HOLLIDAYSBURG - Children who live in downtown Altoona don't have many parks or recreation areas, so they spend time playing in a parking lot owned by Sacred Heart Roman Catholic Church on the 2000 block of Sixth Avenue, according to testimony Monday in a civil trial.
Sacred Heart and its Monsignor, Stanley Carson, were in court because one of those youth suffered a severe injury to his left leg Oct. 10, 2000, when a concrete block wall in a former carport on the parking lot collapsed.
The decorative blocks broke Alex McCoy's lower left leg near the ankle, causing a deformity, several operations, constant pain and a future operation in which the ankle will have to be fused to the leg, said Todd Berkey, McCoy's Pittsburgh-based attorney.
McCoy, who was baptized in the church, is asking a civil court jury to award him a ''substantial'' amount of money to take care of his medical bills, past and future, and for the pain he has suffered.
He also is requesting damages for possible wages lost during his lifetime because of the injury.
Berkey said a request for money damages is all the law permits.
''You can't give Alex back his leg,'' he said to the jury.
The trial is expected to last all week and will include testimony from three physicians about the injury McCoy suffered when he was 12.
Hollidaysburg attorney Steve Dugas said church official Paulette Johns often told the neighborhood children to ''skedaddle,'' but they kept coming back.
''We do not bear liability for these injuries,'' Dugas said.
The church tried to keep the kids from playing on its property, he said.
Dugas also said the church would present testimony from a neighbor who allegedly saw two children pushing and rocking the wall prior to its collapse.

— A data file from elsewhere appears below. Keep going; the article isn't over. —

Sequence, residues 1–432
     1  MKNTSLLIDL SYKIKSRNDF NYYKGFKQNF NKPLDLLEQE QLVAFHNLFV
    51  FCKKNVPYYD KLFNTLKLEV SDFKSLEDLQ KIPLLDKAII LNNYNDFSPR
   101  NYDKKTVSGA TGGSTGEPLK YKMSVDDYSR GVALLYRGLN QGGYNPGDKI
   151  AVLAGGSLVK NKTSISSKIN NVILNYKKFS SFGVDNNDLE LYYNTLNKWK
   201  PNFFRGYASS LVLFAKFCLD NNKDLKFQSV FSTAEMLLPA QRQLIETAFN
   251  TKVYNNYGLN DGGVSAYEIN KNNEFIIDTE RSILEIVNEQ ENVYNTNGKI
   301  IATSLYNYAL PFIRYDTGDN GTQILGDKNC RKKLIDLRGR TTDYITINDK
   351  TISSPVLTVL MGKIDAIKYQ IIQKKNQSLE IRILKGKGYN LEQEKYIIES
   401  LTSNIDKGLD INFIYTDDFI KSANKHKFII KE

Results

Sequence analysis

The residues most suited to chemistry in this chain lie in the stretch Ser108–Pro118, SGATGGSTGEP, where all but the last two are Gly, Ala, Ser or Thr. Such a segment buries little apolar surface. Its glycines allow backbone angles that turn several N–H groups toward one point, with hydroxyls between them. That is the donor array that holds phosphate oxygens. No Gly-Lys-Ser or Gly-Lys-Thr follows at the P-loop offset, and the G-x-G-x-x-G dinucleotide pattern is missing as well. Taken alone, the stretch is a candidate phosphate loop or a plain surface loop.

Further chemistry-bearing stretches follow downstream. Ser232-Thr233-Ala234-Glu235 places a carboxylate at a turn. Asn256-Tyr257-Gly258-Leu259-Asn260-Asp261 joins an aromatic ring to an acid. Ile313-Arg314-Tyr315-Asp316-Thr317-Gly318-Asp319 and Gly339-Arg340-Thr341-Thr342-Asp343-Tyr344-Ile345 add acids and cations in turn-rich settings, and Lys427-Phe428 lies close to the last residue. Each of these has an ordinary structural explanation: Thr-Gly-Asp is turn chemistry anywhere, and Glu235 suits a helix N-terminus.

McCoy was with a friend, Edward Longo, when the wall collapsed. Both are expected to testify.
Berkey said children in central Altoona have used the parking lot for recreational purposes for 40 or 50 years.
One witness, Veda Cupples, said the six children she raised all played in the parking lot. She said they would ride bikes and scooters, play hide-and-seek and many other games.
The jury must determine whether the church was negligent, not only in allowing children to play on the lot, but also in maintaining the block wall.
The fact that kids from several generations used the lot for play under the law gave them ''implied consent'' to use it, Berkey said, pointing out that the church had an obligation to keep the lot safe.
Terry Tomassetti, a Blair County commissioner who also has a law office next to the parking lot, testified that the concrete block wall didn't appear to be as secure as it needed to be.
McCoy, now 20, underwent a major operation in April to rebuild his leg, Berkey said. He was using crutches in court Monday.
Mirror Staff Writer Phil Ray is at 946-7468.